Department of Aggrieved Thespians | Letters | Chicago Reader

Department of Aggrieved Thespians 

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To the editors:

I was going to let this go, it seeming futile to respond to a review, but after some reflection, I've concluded that I must.

Last week [October 15] Jack Helbig reviewed Greek Streets, currently running at the Royal George Gallery. In praising the production, an adaptation of stories by Harry Mark Petrakis, he took a swipe at City Lit--among others--who have "done to death" a technique for adaptation (used in the production he praises) that "treats fiction as mere fodder for the stage."

City Lit's mission is not to treat literature as mere anything. City Lit was a pioneer when it defined its mission--to celebrate the vitality and accessibility of the literary imagination by adapting and performing great writing. The style Helbig derides is one City Lit developed over 14 years that treats the text with reverence. That many Chicago companies are now dedicated to staging literary adaptations testifies not only to City Lit's success but to the theatrical power and popularity of the form. To speak of such adaptations as merely "parceling out the narration to various actors . . . " is to belittle work that Mr. Helbig himself has raved about as recently as last week in his review of The Little Sister at Lifeline--adapted by Mark Richard, City Lit's Artistic Director. By incorporating narration into the performance, rather than dramatizing the dialogue alone, we do not treat literature as "fodder," but seek to capture and communicate as fully and authentically as possible the essence of a great text.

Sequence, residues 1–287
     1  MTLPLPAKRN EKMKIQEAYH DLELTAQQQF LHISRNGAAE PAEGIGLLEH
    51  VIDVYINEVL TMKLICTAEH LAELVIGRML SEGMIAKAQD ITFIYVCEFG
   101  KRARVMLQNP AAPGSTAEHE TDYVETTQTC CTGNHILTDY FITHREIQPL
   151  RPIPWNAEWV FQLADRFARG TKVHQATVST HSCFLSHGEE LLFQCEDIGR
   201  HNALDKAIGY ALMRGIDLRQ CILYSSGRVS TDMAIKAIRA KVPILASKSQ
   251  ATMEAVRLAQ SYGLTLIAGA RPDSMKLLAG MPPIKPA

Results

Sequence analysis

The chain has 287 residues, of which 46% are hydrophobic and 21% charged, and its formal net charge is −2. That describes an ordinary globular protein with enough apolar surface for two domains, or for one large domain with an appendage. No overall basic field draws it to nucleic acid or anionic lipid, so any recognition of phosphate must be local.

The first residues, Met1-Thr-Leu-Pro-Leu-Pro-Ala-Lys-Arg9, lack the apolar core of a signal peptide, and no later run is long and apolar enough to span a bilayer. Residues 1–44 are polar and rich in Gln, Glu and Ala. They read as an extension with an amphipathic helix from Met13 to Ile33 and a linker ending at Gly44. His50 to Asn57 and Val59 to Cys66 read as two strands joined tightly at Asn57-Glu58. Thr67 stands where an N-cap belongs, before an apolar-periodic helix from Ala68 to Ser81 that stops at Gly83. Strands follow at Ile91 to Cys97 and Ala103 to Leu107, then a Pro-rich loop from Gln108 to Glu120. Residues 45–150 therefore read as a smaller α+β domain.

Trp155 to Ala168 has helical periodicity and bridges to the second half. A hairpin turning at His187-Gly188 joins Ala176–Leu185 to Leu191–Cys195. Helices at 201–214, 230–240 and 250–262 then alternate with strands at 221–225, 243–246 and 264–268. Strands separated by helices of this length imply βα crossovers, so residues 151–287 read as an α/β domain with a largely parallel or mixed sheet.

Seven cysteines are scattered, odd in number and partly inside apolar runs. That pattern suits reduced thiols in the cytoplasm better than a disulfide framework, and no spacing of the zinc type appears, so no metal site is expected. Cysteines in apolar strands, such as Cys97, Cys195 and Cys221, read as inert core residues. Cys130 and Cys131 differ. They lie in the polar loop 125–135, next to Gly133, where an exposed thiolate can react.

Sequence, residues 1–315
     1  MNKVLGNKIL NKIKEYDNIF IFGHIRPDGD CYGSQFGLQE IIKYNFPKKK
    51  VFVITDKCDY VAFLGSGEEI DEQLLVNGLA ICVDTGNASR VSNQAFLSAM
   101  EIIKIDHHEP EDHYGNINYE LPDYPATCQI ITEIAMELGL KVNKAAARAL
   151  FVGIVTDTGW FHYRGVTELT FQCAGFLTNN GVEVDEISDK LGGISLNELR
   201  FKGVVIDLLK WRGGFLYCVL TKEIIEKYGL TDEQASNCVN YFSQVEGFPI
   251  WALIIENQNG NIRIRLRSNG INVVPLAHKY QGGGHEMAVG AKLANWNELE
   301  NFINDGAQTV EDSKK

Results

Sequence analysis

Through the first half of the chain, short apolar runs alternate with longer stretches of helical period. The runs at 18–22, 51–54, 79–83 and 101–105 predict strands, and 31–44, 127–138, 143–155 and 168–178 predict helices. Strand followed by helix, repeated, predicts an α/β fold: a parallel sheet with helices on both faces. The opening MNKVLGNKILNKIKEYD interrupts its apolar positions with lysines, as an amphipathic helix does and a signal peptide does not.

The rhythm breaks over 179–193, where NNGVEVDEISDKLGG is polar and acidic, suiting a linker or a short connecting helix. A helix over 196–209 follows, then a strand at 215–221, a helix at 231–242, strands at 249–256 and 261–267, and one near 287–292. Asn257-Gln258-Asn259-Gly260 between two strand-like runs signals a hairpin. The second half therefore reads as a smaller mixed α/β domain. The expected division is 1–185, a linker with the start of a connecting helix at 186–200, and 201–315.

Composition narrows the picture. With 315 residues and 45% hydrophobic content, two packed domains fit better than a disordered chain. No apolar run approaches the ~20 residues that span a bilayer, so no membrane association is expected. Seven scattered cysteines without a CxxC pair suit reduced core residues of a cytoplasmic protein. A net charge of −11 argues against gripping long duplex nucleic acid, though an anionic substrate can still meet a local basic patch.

City Lit's work is entertaining theatre--and it is also a public celebration of the private pleasures of reading. Our educational outreach program, which has reached over 290,000 children, encourages them to read. And the excitement we generate is exemplified by a young girl who approached an actor after a performance, book in outstretched hand, saying, "That was terrific. Have you read this one?"

I find it perplexing that Jack Helbig was so gratuitously flip when speaking about our adaptive style, particularly when he noted how well it works in Greek Streets. His comment that we treat literature as "mere fodder for the stage" is particularly ironic considering that his own writing for the stage includes adaptations of the work of others.

Mary Hatch

Managing Director

City Lit

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